The director defects can serve as a good, optical vortex inducer; when a circular, polarized light passes through the defect, the beam profile becomes a donut shape (Figures 6c–i). This is a well-known feature of an optical vortex; the phase in the center of the optical vortex is not defined, and its intensity is zero. When linearly polarized light interferes with the donut-shape beam, a fork-shaped interference pattern with two dislocations appears, confirming an optical vortex with a topological charge of two (Figure 6c-ii).16
Unique properties of the standing nematodynamic wave and asymmetric particle actuation
The spontaneous standing wave and molecular rearrangement in the LC cell have several remarkable features that are different from those that characterize 2D-membrane films and rectangular cavities.7, 8 First, the pitch values of the periodic units depend on the frequency but not on the amplitude of the applied signals. The pitch decreased in a stepwise manner (Figures 7a and b); periodic patterns with even-numbered units (m × m, m=4, 6, 8 and 10) were sequentially produced as the frequency increased at a fixed voltage (panels A–D in Figure 7a). Each pattern was stable, persisted through a wide range of frequencies and transformed into the next mode upon the appearance of additional periodic units with the increasing frequency. This indicates that the wave speed (v) adapts itself to the frequency variation, and the wavelength remains constant (0.5f·v−1) within the frequency range of each step.30 This is in contrast to conventional standing waves with discrete resonance frequencies. The self-adaptation is supposed to stem from the nonlinear property of the LCs; the acoustic wave velocity in LCs is reported to be highly nonlinear and anisotropic.31, 32, 33 Second, the standing waves in the LCs, which have diagonal nodal lines and even-numbered modes, are rotated by 45° compared with the conventional standing waves in other systems that have nodal lines that are parallel to the boundary and integer modes.7, 8 This unusual geometry is related to the least parallel flux boundary condition (Supplementary Figure 8). Finally, the longitudinal standing pressure wave can asymmetrically transport small particles.34 When micro-rods of C6 crystals were added, the C6 rods aggregated at the high-pressure anti-nodes in the p+ stage during the prolonged application of electric signals, as shown in Figure 7c, which confirmed the asymmetric pressure between the p+ and p− stages. By changing the field frequency, the rods could be relocated to new high-pressure points. It is interesting to note that the particles actuated perpendicular to the mean director direction, which indicated that the particle actuation is not due to the defect-assisted electrophoretic actuation and is due to the standing pressure wave.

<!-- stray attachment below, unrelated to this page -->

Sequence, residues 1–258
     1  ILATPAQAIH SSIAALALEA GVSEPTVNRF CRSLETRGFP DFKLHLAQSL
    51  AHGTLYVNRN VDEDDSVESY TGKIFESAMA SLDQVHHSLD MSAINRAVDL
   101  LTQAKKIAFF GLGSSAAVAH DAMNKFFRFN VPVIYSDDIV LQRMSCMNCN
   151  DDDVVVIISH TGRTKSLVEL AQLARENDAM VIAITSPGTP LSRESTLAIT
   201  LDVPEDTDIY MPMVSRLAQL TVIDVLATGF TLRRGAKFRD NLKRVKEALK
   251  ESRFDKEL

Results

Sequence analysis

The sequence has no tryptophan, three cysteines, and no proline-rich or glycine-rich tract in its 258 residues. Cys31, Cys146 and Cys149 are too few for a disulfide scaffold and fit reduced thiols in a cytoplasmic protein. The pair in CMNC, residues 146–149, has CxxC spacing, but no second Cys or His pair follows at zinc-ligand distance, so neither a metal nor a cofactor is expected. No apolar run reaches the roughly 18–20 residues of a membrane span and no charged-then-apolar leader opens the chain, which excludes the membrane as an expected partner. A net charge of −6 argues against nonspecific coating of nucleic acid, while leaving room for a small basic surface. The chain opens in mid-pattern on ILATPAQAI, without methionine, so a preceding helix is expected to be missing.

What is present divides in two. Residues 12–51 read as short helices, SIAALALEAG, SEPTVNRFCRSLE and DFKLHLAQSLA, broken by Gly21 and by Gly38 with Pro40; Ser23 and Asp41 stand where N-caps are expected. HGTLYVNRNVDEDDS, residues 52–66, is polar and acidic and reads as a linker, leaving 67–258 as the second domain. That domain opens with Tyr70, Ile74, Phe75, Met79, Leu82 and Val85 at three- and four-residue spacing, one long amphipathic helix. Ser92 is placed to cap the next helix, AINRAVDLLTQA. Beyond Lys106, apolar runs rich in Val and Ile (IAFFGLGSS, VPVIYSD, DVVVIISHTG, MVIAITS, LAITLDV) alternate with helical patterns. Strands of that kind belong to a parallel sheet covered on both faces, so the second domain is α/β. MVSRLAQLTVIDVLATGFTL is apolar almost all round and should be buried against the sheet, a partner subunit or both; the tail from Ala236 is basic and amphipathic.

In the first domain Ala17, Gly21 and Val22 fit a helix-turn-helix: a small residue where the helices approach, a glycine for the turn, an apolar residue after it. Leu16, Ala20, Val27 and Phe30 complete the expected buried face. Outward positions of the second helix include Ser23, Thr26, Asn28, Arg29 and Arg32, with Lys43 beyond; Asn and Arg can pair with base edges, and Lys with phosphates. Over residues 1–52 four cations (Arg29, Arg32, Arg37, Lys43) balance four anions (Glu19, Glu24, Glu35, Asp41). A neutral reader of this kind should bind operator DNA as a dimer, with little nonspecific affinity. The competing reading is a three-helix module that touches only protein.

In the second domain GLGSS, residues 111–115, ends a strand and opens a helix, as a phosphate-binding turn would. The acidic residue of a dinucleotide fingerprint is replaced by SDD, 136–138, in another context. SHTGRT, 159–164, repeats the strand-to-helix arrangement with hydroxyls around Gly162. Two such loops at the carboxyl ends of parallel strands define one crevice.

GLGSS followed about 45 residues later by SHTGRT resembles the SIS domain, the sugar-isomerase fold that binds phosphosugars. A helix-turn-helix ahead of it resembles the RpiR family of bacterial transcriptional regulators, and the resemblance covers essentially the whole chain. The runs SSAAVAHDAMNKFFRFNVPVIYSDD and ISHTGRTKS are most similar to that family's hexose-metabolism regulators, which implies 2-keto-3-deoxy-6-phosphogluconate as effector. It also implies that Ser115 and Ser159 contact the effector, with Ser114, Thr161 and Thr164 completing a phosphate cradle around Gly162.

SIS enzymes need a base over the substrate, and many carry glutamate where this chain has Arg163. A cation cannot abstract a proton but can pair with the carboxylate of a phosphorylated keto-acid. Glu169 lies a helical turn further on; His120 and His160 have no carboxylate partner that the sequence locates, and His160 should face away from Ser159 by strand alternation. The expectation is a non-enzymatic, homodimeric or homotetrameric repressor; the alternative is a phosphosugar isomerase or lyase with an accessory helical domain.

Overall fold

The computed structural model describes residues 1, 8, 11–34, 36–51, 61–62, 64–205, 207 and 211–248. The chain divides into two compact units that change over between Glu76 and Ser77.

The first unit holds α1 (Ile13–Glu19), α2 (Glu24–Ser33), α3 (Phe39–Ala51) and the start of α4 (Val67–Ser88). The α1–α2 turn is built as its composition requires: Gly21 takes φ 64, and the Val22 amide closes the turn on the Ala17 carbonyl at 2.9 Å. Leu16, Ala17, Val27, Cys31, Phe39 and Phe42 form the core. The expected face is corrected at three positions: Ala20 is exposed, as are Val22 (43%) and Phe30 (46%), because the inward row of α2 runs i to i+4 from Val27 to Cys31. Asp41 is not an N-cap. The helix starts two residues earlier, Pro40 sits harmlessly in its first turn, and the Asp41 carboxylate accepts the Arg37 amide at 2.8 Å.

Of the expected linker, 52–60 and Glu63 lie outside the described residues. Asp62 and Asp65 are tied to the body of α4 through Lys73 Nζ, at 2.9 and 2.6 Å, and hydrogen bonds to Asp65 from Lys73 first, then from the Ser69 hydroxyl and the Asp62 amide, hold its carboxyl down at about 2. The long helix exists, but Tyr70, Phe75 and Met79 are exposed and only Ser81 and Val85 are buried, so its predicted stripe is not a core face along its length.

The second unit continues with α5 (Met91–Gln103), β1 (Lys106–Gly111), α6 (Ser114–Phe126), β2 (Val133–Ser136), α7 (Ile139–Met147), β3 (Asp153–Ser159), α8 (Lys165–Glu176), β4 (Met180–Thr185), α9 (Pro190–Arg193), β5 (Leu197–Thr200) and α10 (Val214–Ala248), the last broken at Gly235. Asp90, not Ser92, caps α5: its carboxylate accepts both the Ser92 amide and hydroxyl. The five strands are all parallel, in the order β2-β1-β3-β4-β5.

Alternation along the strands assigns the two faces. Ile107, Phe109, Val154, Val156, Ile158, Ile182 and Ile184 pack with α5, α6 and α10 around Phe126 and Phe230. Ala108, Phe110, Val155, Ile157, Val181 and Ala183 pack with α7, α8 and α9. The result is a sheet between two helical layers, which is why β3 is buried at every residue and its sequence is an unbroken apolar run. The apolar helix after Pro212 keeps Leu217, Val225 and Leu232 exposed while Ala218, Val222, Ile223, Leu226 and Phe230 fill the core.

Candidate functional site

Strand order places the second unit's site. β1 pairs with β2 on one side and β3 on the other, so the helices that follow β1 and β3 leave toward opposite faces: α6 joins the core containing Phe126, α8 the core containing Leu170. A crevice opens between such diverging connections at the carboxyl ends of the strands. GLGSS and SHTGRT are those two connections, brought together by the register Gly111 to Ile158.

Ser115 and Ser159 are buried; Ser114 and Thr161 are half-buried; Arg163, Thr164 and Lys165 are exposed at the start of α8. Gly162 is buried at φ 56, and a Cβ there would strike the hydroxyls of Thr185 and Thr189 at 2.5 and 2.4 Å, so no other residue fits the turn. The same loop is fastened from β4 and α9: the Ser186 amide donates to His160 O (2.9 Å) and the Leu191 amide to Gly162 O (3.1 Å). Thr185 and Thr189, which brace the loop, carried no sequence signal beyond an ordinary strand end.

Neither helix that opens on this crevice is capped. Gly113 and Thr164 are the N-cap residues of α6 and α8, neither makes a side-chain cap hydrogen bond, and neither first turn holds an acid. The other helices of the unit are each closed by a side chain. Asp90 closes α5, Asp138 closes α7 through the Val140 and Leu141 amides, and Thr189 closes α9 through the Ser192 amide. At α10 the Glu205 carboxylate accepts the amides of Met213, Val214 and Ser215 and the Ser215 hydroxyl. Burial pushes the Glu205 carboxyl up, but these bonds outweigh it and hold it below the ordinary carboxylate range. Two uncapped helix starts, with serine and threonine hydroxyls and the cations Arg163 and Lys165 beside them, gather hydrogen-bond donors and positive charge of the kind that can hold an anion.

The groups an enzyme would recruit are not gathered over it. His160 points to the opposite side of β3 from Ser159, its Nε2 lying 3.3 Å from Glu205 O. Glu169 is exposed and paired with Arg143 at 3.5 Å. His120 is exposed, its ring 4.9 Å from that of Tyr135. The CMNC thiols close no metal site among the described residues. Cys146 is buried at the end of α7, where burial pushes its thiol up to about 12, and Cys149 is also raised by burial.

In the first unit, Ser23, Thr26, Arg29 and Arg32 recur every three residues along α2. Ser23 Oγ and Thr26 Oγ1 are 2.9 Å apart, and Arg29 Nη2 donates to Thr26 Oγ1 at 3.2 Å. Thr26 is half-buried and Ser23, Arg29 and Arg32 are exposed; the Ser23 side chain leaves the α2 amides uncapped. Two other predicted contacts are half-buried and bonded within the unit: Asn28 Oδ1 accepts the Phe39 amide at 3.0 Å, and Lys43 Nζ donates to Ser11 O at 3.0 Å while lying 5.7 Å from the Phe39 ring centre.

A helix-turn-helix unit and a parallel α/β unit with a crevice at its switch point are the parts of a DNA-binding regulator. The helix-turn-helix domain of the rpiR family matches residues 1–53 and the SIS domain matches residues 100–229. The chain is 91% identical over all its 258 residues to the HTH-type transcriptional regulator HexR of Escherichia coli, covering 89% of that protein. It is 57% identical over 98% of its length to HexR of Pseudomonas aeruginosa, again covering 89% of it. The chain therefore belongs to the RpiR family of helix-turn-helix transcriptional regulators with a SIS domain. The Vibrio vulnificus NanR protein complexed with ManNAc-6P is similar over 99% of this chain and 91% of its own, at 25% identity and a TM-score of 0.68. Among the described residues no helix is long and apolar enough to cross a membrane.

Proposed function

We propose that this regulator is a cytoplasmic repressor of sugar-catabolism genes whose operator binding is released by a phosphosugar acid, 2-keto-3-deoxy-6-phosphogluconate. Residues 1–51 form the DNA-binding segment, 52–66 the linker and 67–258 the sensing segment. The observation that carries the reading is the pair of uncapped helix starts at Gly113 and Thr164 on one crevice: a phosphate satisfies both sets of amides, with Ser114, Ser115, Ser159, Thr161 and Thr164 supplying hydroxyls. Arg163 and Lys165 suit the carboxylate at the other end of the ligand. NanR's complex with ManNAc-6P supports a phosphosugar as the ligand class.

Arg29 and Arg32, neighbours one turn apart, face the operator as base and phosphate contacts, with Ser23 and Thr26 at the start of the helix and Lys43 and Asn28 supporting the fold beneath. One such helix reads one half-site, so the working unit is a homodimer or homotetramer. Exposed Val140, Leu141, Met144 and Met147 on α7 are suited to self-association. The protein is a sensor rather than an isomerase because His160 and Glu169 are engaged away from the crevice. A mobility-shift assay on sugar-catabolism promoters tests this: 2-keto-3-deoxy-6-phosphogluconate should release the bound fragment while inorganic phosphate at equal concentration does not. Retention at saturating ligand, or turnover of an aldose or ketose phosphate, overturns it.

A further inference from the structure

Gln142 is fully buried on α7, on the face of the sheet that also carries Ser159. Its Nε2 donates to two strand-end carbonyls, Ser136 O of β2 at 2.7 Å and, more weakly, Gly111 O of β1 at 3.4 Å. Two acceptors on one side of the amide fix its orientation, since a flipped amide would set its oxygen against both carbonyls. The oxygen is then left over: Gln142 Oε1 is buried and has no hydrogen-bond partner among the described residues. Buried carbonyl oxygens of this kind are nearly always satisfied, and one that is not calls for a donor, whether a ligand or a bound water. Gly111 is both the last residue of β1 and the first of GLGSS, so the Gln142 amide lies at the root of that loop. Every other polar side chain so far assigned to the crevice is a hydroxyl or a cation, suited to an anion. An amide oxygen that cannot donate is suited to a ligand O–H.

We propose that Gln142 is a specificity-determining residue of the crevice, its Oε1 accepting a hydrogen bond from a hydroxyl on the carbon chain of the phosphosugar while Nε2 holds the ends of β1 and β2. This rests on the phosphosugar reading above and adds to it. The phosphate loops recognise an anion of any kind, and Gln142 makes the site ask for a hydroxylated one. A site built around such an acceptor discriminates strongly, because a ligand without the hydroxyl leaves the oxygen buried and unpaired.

We have demonstrated the unique coupling between spontaneous standing nematodynamic waves and director orientation in a nematic LC cell, and this coupling results from a series of chain interactions: (1) the field-induced director vibration, that is, the periodic falling and rising motion responses to pulse signals, (2) the director vibration-induced LC flow effect (or backflow), (3) the spontaneous formation of a standing nematodynamic pressure wave due to the coupling between the random LC flow and boundaries, (4) the standing wave-induced rearrangement of the LC director fields and (5) the standing wave stabilization by the nonlinear properties of LCs. We confirmed the coupling between the pressure wave and the director orientation using external mechanical flows and demonstrated the presence of a spontaneous pressure wave via particle actuation. All these observations indicate the nematodynamic standing wave-mediated periodic defect formation. However, a further theoretical study will be needed to clarify the detailed mechanism of the standing nematodynamic wave formation and its abundant new features, such as the self-adaption of the resonance frequency and the diagonal nodal lines. The shape and pitch of periodic patterns are diverse depending on the boundary conditions and the material properties; for example, the periodic pitch may decrease to the micrometer scale when fast response materials, such as ferroelectric LCs, are used. The abundant interesting features of the interaction between the standing wave and molecular ordering may open new vistas in studies on soft matter and optics; in particular, the interaction can be used for fabricating periodic defect arrays with spiral director fields, optical vortex array inducers and micro-lens arrays for optical devices and for studies of particle assemblies.
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This work was supported by the National Research Foundation of Korea (NRF) grant funded by the Korea government (MSIP) (No. 2014R1A2A1A11054392).
J-KS conceived the project and designed the experiments. LKM conducted all the experiments. Both authors analyzed the data and participated in writing the manuscript.
The authors declare no conflict of interest.
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Supplementary Information accompanies the paper on the NPG Asia Materials website
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Migara, L., Song, JK. Standing wave-mediated molecular reorientation and spontaneous formation of tunable, concentric defect arrays in liquid crystal cells. NPG Asia Mater 10, e459 (2018). https://doi.org/10.1038/am.2017.217